Water-sewer task force hears groundwater proposal

Published 2:18 pm Saturday, February 11, 2017

Two representatives from the Hampton Roads Sanitation District presented an overview of a new wastewater treatment technology to the Isle of Wight intergovernmental water-sewer task force during the task force’s monthly meeting on Thursday at the Isle of Wight Volunteer Rescue Squad building in Smithfield.

The new technology, known as SWIFT — which is an acronym for sustainable water initiative for tomorrow — would restore wastewater from sewers to drinking water standards and re-inject it deep into the ground to replenish the Potomac Aquifer, which spans from northern Virginia through Hampton Roads. The Virginia Department of Environmental Quality believes that current municipal withdrawals from the aquifer are approaching unsustainable levels and have asked towns, cities and counties throughout the state to look into ways to reduce their dependence on well water, which is why the HRSD has been experimenting with SWIFT.

“We rely on our saltwater and freshwater resources for our economic development,” said HRSD’s chief of planning and analysis, John J. Dano, who was one of the two presenters at the water-sewer task force meeting. “The region is facing many water challenges, including the Chesapeake Bay restoration, groundwater depletion, relative sea level rise, sanitary sewer overflows and saltwater intrusion into aquifers.”

He said that the Hampton Roads region has seen a measurable drop in groundwater levels since the early 1900s when wells only required valves, not pumps, resulting from unsustainable private and municipal pumping, which is why HRSD is studying ways to replenish the Potomac Aquifer.

According to Dano, HRSD’s initial feasibility study on pumping wastewater back into the ground has already been completed and a small prototype facility has been constructed at their York River location. However, no water is being pumped into the ground yet at this facility. Plans for another demonstration facility with a capacity of 1 million gallons per day located at HRSD’s Nansemond River facility in Suffolk are in the works, with the facility expected to be operational by 2018.

He expects HRSD to have all necessary permits from the U.S. Environmental Protection Agency, the Virginia DEQ and the Virginia Department of Health for underground injection by 2020, and to have the first full-size SWIFT facility started up as early as 2022.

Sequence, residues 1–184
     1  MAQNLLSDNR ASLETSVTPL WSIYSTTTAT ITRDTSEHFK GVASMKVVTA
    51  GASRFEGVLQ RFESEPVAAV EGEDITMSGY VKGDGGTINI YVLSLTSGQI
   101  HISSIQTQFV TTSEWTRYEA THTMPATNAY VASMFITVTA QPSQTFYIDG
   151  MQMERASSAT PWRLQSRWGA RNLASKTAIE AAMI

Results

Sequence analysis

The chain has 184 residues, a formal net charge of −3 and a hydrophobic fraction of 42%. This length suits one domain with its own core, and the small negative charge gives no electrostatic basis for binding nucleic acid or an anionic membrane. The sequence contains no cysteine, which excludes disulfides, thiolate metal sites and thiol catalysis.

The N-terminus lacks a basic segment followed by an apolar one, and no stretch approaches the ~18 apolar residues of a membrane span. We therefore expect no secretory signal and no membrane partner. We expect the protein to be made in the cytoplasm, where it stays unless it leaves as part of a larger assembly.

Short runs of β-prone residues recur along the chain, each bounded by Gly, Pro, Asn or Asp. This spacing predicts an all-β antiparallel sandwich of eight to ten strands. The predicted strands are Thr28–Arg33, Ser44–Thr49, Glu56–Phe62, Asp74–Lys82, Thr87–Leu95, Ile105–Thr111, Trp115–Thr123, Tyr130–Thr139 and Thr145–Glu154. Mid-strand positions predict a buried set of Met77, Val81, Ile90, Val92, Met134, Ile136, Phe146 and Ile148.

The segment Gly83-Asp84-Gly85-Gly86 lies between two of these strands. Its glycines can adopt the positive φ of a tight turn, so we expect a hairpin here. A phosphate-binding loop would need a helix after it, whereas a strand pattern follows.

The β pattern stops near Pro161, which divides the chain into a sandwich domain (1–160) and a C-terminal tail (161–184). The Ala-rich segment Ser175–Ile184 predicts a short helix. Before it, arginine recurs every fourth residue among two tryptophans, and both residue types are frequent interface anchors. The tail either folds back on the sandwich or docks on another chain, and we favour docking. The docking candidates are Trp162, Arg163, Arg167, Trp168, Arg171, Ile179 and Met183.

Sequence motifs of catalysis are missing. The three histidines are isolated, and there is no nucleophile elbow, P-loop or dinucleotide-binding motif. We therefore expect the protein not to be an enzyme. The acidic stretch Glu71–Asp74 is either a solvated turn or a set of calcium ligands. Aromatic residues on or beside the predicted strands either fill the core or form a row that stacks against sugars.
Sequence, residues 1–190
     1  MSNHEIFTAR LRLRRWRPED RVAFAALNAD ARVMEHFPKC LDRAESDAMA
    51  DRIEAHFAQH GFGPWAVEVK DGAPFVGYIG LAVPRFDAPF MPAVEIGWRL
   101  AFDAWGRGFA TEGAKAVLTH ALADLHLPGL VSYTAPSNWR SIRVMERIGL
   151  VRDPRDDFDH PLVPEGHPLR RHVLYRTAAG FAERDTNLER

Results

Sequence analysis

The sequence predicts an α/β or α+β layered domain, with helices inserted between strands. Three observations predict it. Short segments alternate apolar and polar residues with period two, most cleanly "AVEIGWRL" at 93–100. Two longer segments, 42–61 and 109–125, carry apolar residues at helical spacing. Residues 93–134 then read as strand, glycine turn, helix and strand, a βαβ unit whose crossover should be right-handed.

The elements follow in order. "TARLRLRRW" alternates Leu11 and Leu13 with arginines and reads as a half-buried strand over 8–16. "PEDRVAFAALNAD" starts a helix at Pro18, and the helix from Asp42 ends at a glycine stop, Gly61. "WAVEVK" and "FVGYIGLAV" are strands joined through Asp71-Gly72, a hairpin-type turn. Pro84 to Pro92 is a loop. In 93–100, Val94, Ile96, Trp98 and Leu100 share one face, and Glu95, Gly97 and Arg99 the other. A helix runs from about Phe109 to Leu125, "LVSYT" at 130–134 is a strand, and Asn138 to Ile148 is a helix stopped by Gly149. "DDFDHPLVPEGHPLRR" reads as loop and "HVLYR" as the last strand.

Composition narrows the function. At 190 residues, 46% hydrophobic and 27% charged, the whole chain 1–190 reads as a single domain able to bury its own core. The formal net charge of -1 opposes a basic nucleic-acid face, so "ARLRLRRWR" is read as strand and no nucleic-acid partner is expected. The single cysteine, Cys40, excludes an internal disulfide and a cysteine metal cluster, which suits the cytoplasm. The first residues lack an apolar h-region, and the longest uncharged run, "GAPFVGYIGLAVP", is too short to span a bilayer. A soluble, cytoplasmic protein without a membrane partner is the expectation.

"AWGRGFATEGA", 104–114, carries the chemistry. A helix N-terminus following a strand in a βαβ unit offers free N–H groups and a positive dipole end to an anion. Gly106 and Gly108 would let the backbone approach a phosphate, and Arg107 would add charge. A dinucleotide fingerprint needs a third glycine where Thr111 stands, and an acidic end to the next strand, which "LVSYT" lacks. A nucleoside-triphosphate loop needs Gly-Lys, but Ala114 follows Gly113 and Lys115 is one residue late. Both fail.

Task force members were intrigued by the technology but skeptical, with task force chairman and Smithfield Supervisor Dick Grice expressing concerns over whether the technology could provide the county with any measurable benefit anytime soon.

“We need to be planning for the next five years before we go planning for 2030,” Grice said.

Task force vice chairman Andrew Gregory, who also serves as Smithfield’s vice mayor, asked whether it would be possible to partner with private industry to implement the technology in the county, such as having it installed at the source of some of the county’s biggest water and sewer users, like the International Paper mill. Isle of Wight County’s assistant director of planning and zoning, Richard Rudnicki, also asked how confident HRSD was that the various state and federal regulatory agencies would approve their plans.

“We’ve had a lot of discussions and our general manager has been traveling to Washington [D.C.]; everyone agrees that this is the right way to spend money for this region.,” Dano said, adding that he expected HRSD’s biggest hurdle to be getting the treated water to match the hardness of the natural groundwater in this area.

“We’re confident we can produce drinking water; the challenge is creating water that matches the aquifer,” he said. “We looked at a membrane based approach, reverse osmosis. What we’re learning is the total dissolved solids in the Potomac Aquifer groundwater are between 1,370 to 4,870 milligrams per liter [as measured at the Suffolk treatment plant.] RO water clashes with that, and we’d have to add back a lot of hardness and solids.”

Following the presentation by HRSD representatives, the county’s director of utility services, Don Jennings, gave a presentation on the county’s total sewer and private well systems, and Rudnicki presented estimates on how Isle of Wight’s projected population growth would affect its water needs through 2040.

According to Jennings, the county, to include the towns of Smithfield and Windsor, has a total of 31 sewer pump stations, 39 miles of sewer infrastructure between Carrollton and Camptown, and 51 total miles of pipe. He added that almost half of the monetary value of all the county’s sewer assets is currently in Windsor.

As for private wells, Jennings said there are 19 private well systems with 15 or more customers per well, and none of the private wells are treating the water pumped from the ground, which means those systems may have fluoride concerns due to the naturally high fluoride levels found in the county’s groundwater.

Rudnicki said that based upon the most recent population projections for the county through 2040, the projected consumption of water throughout the county will likely be between 2.26 to 2.39 million gallons per day according to  Weldon Cooper study, which Rudnicki said was the most conservative estimate. The most aggressive estimate the county received was a Hampton Roads Planning District Commission study, which predicted between approximately 3.6 to 3.9 million gallons per day.

The task force also now has a Hardy District representative, David Tucker, a mechanical engineer who was recommended by Hardy District Supervisor Rudolph Jefferson.